Title of Abstract

Melodic Writing and Thematic Unity in Chevalier de Saint Georges’ Quatuor Concertante No. 5 in G Major

Submitting Student(s)

Trinity Howell

Session Title

Additional Projects

Faculty Sponsor (for work done with a non-Winthrop mentor)

Ian Pearson, Ph.D.

College

College of Visual and Performing Arts

Department

Music

Abstract

String quartets of the Classical Period were known for their unique blend of four parts that varied according to the interpretation of the composer. Among the extant string quartets of the Classical Period are those by the Guadeloupe-born French composer, Joseph Bologne, the Chevalier de Saint-Georges, which often go unnoticed. Because little scholarship has been published about them, they are largely underrepresented works. In 1777, Bologne composed Quatour Concertante No. 5, a string quartet written at a time when the genre was not yet as popular in Paris as it was in German lands, in part because the founder of the string quartet was the eminent Franz Joseph Haydn. However, Bologne’s quartet is composed in an early French style which, by comparison, is very loose and lyrical, thus deviating from the stricter conventions of German practice. Given these differences, this study will examine the thematic structure of the first movement and especially the interaction between the violin and the cello.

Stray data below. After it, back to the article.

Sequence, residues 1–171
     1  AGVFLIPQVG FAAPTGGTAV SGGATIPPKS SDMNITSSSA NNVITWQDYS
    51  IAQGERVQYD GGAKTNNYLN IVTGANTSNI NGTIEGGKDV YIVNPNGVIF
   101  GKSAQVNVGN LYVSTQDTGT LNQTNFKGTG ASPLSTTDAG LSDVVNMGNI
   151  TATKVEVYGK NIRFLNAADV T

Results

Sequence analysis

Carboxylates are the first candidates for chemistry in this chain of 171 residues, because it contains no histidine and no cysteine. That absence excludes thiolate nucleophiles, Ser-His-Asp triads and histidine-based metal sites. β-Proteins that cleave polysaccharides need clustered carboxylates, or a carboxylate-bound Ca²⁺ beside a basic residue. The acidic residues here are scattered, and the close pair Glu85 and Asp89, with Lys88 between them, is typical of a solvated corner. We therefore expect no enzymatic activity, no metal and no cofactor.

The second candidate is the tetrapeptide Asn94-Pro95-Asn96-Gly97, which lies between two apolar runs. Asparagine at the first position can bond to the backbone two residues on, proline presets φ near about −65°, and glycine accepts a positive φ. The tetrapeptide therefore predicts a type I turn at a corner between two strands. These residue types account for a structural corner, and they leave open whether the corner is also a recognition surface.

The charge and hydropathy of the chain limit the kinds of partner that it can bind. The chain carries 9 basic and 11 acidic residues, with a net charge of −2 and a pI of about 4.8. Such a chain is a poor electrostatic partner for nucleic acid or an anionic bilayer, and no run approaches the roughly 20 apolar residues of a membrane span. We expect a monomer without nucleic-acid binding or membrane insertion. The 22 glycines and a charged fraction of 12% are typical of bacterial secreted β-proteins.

Start Date

15-4-2022 12:00 PM

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Apr 15th, 12:00 PM

Melodic Writing and Thematic Unity in Chevalier de Saint Georges’ Quatuor Concertante No. 5 in G Major

String quartets of the Classical Period were known for their unique blend of four parts that varied according to the interpretation of the composer. Among the extant string quartets of the Classical Period are those by the Guadeloupe-born French composer, Joseph Bologne, the Chevalier de Saint-Georges, which often go unnoticed. Because little scholarship has been published about them, they are largely underrepresented works. In 1777, Bologne composed Quatour Concertante No. 5, a string quartet written at a time when the genre was not yet as popular in Paris as it was in German lands, in part because the founder of the string quartet was the eminent Franz Joseph Haydn. However, Bologne’s quartet is composed in an early French style which, by comparison, is very loose and lyrical, thus deviating from the stricter conventions of German practice. Given these differences, this study will examine the thematic structure of the first movement and especially the interaction between the violin and the cello.